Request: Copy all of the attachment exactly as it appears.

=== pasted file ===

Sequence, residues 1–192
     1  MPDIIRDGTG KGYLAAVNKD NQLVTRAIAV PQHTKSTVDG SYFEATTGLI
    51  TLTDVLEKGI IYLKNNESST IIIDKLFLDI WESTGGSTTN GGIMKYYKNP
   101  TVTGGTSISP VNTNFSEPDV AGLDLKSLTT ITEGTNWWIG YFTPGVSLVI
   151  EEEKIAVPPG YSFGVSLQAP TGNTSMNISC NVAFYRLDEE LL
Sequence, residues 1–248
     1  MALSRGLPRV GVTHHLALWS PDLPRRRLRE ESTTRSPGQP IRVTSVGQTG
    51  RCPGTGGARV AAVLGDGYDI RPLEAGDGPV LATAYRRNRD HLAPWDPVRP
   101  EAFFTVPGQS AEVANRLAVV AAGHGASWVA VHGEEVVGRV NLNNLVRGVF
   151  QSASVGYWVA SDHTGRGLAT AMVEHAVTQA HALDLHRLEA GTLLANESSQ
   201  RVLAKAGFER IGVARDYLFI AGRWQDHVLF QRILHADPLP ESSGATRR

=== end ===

Sequence, residues 1–192
     1  MPDIIRDGTG KGYLAAVNKD NQLVTRAIAV PQHTKSTVDG SYFEATTGLI
    51  TLTDVLEKGI IYLKNNESST IIIDKLFLDI WESTGGSTTN GGIMKYYKNP
   101  TVTGGTSISP VNTNFSEPDV AGLDLKSLTT ITEGTNWWIG YFTPGVSLVI
   151  EEEKIAVPPG YSFGVSLQAP TGNTSMNISC NVAFYRLDEE LL
Sequence, residues 1–248
     1  MALSRGLPRV GVTHHLALWS PDLPRRRLRE ESTTRSPGQP IRVTSVGQTG
    51  RCPGTGGARV AAVLGDGYDI RPLEAGDGPV LATAYRRNRD HLAPWDPVRP
   101  EAFFTVPGQS AEVANRLAVV AAGHGASWVA VHGEEVVGRV NLNNLVRGVF
   151  QSASVGYWVA SDHTGRGLAT AMVEHAVTQA HALDLHRLEA GTLLANESSQ
   201  RVLAKAGFER IGVARDYLFI AGRWQDHVLF QRILHADPLP ESSGATRR